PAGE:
There are times in your life when you must execute; you must step up and play the part you have written for yourself. Some of these times you know what to do, but you get scared or can’t find the words. You’re worried about your “performance” (how others will think of you) or you take the easy way out and convince yourself it is okay to re-write the script and not necessarily stay on the story’s path.
If we look at professional film making we might learn that good acting means, first, having the courage to play the part as written. If our life story says the main character would always put ethics before money, then we have to follow through on that choice. If a professional actress momentarily forgets her lines, it’s okay for her to ad lib as long as she stays true to the script – as long as her words and actions do not deviate from what needs to be accomplished in that scene.
Can you say that about your performance? Are you acting in a way congruent with the life story you want to have? Importantly, are you the person you want the lead character to be? Or have you become someone you wouldn’t want as the lead in your story? Critically, at the most stressful or tempting moments – are you staying true to the script?
Separating the Roles
What is most important to learn from professional story telling is that never are these roles played by the same person at the same time. The script writer, the director and the lead actor/actress have different responsibilities; different skill sets and their talents are required at different points in the story telling process. Not surprisingly, the script writer is active very early on and is only “called on set” when a major event has occurred and the script needs to be partially re-written to get it back on track. Notably, the script writer typically works alone, perhaps in a quiet place, and reflects about the major points of the story. How should this story unfold from here on out, over the course of years? For you, the lesson is you should never try to re-write the script while you are in problem solving mode or while you are executing/acting as the main character in a busy scene. Leave script writing for the quieter calmer moments. That’s what all professional story tellers do.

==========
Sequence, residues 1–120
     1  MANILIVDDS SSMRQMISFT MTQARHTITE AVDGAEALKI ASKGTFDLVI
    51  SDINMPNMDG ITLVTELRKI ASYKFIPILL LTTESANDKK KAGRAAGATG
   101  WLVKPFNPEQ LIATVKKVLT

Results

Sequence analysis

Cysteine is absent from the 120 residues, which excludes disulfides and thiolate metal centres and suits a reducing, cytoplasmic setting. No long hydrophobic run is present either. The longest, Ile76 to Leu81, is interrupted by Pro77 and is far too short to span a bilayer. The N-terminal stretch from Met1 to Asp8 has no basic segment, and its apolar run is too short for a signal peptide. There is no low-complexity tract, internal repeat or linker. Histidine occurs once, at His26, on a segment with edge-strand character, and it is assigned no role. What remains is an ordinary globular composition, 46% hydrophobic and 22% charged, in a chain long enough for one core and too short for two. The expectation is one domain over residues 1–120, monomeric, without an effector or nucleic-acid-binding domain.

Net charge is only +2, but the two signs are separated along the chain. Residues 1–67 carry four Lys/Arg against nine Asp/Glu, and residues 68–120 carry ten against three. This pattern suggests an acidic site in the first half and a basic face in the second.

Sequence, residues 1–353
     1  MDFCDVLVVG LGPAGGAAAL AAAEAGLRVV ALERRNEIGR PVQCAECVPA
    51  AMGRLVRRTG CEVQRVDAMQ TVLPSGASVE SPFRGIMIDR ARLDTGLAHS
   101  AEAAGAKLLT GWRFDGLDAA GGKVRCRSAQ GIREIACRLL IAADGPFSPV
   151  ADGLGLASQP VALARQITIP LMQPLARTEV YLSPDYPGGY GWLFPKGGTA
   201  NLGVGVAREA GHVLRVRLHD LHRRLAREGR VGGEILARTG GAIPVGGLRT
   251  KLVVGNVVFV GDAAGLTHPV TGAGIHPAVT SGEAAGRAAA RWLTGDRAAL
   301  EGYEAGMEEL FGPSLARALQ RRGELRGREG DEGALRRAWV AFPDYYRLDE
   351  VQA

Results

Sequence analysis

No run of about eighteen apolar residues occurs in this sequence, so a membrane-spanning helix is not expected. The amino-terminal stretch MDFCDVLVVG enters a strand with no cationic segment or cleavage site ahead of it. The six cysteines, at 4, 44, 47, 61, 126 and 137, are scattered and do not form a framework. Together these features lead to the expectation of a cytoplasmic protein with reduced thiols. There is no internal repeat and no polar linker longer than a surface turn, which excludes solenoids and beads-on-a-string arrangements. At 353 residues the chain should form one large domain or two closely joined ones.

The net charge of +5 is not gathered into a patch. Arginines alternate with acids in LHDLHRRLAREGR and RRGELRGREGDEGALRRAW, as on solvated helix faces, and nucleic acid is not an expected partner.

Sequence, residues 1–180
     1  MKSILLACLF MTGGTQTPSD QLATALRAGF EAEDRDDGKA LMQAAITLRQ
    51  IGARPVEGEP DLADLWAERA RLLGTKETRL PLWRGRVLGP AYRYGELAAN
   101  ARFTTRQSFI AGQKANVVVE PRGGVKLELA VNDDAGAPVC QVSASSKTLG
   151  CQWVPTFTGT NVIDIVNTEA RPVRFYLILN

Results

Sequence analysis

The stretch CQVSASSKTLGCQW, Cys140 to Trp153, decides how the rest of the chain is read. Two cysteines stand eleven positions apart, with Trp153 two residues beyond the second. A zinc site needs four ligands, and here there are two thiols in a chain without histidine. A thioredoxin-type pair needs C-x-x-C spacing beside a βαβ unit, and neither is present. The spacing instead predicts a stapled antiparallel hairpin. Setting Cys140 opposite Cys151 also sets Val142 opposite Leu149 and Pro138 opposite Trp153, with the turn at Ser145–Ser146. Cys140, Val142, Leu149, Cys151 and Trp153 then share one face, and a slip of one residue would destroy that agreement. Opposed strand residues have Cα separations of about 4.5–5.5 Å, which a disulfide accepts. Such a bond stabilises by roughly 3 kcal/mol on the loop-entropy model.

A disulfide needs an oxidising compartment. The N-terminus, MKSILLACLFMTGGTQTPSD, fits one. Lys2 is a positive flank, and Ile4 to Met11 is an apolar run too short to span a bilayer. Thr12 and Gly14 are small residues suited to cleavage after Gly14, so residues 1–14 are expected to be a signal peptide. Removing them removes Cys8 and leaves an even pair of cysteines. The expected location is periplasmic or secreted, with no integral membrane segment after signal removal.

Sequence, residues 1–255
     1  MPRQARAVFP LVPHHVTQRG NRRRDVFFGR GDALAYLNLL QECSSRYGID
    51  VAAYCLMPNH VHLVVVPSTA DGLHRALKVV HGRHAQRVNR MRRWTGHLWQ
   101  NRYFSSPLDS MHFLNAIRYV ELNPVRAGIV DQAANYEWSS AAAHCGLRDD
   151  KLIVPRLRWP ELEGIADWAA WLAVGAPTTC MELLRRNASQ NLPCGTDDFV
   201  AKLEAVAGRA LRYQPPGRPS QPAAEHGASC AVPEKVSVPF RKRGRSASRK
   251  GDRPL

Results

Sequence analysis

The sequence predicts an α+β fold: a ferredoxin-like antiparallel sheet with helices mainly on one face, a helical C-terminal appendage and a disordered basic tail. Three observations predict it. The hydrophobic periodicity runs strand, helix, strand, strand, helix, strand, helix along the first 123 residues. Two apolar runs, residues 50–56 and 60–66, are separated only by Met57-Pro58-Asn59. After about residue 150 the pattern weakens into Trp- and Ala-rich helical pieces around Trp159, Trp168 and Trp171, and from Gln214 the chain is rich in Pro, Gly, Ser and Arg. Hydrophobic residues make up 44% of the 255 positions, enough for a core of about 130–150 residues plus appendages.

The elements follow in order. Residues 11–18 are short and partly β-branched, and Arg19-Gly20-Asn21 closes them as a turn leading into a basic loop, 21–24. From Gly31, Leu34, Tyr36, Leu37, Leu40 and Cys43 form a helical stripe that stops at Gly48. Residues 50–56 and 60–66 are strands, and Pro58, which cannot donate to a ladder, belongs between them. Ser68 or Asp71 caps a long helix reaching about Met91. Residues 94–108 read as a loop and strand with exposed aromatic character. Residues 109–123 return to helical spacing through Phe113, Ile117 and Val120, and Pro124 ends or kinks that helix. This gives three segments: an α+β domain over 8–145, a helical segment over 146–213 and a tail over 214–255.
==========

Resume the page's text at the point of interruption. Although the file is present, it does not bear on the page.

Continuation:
Similarly, there are many moments in each day when you are problem solving. You need to accomplish this task, plan a menu or fix the car. But does your problem solving reflect the major parts of the life story plot? If you’ve decided that certain people will be important in your life, are you planning those activities accordingly? Have you created scenes where that message will come through loud and clear? Have you managed your finances so the characters can do the important things in the plot instead of being sidetracked by unimportant things? Have you made your health a priority so, in the long-term, other people’s stories aren’t all about taking care of you? Life framing is about perspective. Where do you want your story to go and are you problem solving in that direction?
Most importantly, when you are executing, do you have the courage to perform as the script writer wants? Do you have the confidence to ad lib because you know the script inside and out? Are you treating the other characters as you should because you know what you want in the long term? Staying true to the script in the heat of the moment is perhaps the hardest thing each of us has to do. But if you’ve decided the significant features of the main character in your life story – she is kind, forgiving, quick to laugh and an eager friend to those who are close to her – wouldn’t it be easier to stay true to the script?
Life framing is a change in perspective that allows each of us to examine our life in a broader “frame” and to stay true to the things we actually hold most dear. What kind of character or person are we? How do we want this story to play out in the long run? And who do we really want us as the principle, supporting actors in our life story? Importantly, Life Framing tells us that there is a time and place for acting, problem solving and writing our script. Each of these must be done well, though never at the same time. And, ultimately, the goal must be to stay true to the script.